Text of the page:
With the pandemic shutdown beginning to slow the usual open-hydrant blast of new dramas and comedies down to a trickle, there’s an excellent opportunity for viewers and critics alike to take time to discover (or reevaluate) some recent noteworthy shows. They may not be new to hardcore TV addicts, but maybe they’re new to you?

Here are three standouts that I was too busy to review when they premiered but I’ve thoroughly enjoyed watching on my own schedule. As it happens, all three feature a protagonist on a personal quest, set in cultures and communities that are often ignored.

'I May Destroy You'

(Moves to Mondays at 9 p.m., starting June 22 on HBO; premiered June 7.)

There’s something truly captivating about Michaela Coel, the creator-writer-star of this engrossing dramedy about a British social media influencer, Arabella (Coel), who battles writer’s block while trying to deliver the cheeky-millennial memoir she’s sold to a big publisher. Seeking escape from her work with a night of excessive partying, Arabella blacks out and can’t fully recall what happened — except for a vague and terrifying recollection of being raped. (Trigger alerts abound here, including one for any writer who ever missed a book deadline.)

In an instant, a show that at first seems to blend the best elements of “Fleabag,” “Euphoria” and “Insecure” takes a serious swerve in an emotionally startling direction, as Arabella and her two best friends (Weruche Opia and Paapa Essiedu) embark on separate paths of self-discovery and the recognition of shared traumas. Nearly every moment here is worth unpacking, as Arabella spends months piecing together not only what happened to her that night (and further back into her past), but also what kind of person she will now become. At its considerable heart, “I May Destroy You” tells a striking story of transformation.


(10 episodes, available on Hulu. Returned May 29.)

Creator, star and Golden Globe winner Ramy Youssef picks up his wonderful dramedy where we left it in Season 1, as the title character, a 30-year-old Muslim American in New Jersey, tries to get himself right with Allah and reject such haram temptations as Internet porn. Things change drastically when Ramy joins a small mosque headed by Sheikh Ali Malik (Oscar winner Mahershala Ali), whose calm, cool demeanor helps Ramy see Islam’s core values rather than its restrictions.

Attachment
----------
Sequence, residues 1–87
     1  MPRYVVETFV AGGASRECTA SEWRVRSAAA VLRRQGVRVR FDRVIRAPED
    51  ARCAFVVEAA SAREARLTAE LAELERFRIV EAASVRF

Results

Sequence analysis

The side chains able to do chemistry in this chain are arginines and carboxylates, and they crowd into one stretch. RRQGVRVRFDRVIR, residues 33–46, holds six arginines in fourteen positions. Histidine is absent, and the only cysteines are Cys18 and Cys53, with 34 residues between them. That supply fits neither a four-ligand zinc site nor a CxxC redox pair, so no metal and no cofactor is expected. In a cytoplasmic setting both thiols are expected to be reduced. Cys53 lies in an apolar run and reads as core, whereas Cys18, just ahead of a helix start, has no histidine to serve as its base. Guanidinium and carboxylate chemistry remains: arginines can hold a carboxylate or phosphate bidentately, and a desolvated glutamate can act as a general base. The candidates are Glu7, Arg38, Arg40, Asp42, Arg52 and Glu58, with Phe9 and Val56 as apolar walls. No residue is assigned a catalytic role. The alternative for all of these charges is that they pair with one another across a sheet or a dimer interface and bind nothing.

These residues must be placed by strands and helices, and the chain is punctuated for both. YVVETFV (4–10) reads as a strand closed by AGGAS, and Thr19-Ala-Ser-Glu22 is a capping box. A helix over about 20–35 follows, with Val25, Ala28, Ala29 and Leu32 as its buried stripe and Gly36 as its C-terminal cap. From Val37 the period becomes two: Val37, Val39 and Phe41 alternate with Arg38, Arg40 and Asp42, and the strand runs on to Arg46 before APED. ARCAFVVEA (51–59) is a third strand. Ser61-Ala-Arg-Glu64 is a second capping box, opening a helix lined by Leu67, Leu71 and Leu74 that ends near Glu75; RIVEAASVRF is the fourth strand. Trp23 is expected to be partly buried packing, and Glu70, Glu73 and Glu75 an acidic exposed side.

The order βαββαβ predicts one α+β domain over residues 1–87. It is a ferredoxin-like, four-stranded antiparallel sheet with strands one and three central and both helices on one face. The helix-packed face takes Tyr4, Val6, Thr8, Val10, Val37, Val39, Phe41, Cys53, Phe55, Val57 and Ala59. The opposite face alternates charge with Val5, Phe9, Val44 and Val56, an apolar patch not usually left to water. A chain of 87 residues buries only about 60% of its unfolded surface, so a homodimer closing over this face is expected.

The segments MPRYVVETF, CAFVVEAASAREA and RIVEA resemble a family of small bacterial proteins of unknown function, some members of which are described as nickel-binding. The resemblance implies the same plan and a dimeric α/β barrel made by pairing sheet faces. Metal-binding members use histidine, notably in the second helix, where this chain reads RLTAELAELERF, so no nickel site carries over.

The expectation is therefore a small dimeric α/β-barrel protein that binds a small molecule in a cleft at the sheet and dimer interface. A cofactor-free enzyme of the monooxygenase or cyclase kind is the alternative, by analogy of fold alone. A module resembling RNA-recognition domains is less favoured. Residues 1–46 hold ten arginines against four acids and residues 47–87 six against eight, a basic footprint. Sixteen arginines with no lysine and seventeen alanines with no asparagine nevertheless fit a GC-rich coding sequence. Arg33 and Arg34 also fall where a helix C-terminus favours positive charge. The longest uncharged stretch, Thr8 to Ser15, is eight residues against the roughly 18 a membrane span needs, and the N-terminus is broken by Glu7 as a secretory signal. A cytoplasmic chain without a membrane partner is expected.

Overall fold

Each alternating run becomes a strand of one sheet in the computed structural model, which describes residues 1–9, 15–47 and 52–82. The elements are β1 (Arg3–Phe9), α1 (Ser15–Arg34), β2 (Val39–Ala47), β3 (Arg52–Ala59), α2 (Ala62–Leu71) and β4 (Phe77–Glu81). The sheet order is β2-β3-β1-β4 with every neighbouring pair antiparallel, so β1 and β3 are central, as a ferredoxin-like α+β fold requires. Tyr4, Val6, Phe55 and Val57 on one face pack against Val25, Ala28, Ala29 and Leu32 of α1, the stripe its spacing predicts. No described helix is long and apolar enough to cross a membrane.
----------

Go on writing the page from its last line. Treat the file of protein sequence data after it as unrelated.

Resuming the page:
This feels like the right path, for both the character (who still has a lot of growing up to do) and for the show. Through Ramy’s increased devotion, viewers get a broader understanding of Islam’s tenets of peace and self-awareness, in addition to Youssef’s brand of humor, which still illuminates the difficulties of being Muslim in American culture.

The show is often better when it branches out to parallel stories about Ramy’s friends and family. Hiam Abbass continues to give a moving performance as Ramy’s mother, Maysa — a Lyft-driving immigrant still trying to adapt to the country she’s lived in for decades. Meanwhile, Ramy’s father, Farouk (Amr Waked), loses faith in the American Dream after being laid off. Through it all, the show exhibits a nimble command of mood, meaning, personal integrity and the quirks of family life.


(Airs Sundays at 8 p.m. on Starz. Premiered May 17.)

Here’s the tightly wound, smartly layered, compulsively watchable crime drama about an alcoholic, lesbian marine fisheries agent that you’ve all been waiting for. Monica Raymund (“Chicago Fire”) gives a compellingly frenetic performance as Jackie Quiñones, whose hard-partying nights in Cape Cod’s summertime gay mecca of Provincetown, Mass., (a.k.a. P-town) are endangering her day job. After one particularly wild binge, Jackie discovers a woman’s body washed up on the beach, drawing viewers into a larger story about the cape’s deadly opioid trade.

James Badge Dale (an actor we haven’t seen nearly enough of since 2010’s mesmerizing espionage series “Rubicon”) co-stars as Ray Abruzzo, a state police sergeant who was relying on information from the murder victim to help him expose a drug ring. While Jackie is preoccupied with staying sober and keeping her job, she is inexorably drawn into the murder investigation and the larger plot. “Hightown” captures a seamier side of life in this vacation paradise. It’s probably not what Cape Cod tourism boosters would’ve wished for, but since we’re not going anywhere this summer, the show becomes an enjoyable getaway of a different sort.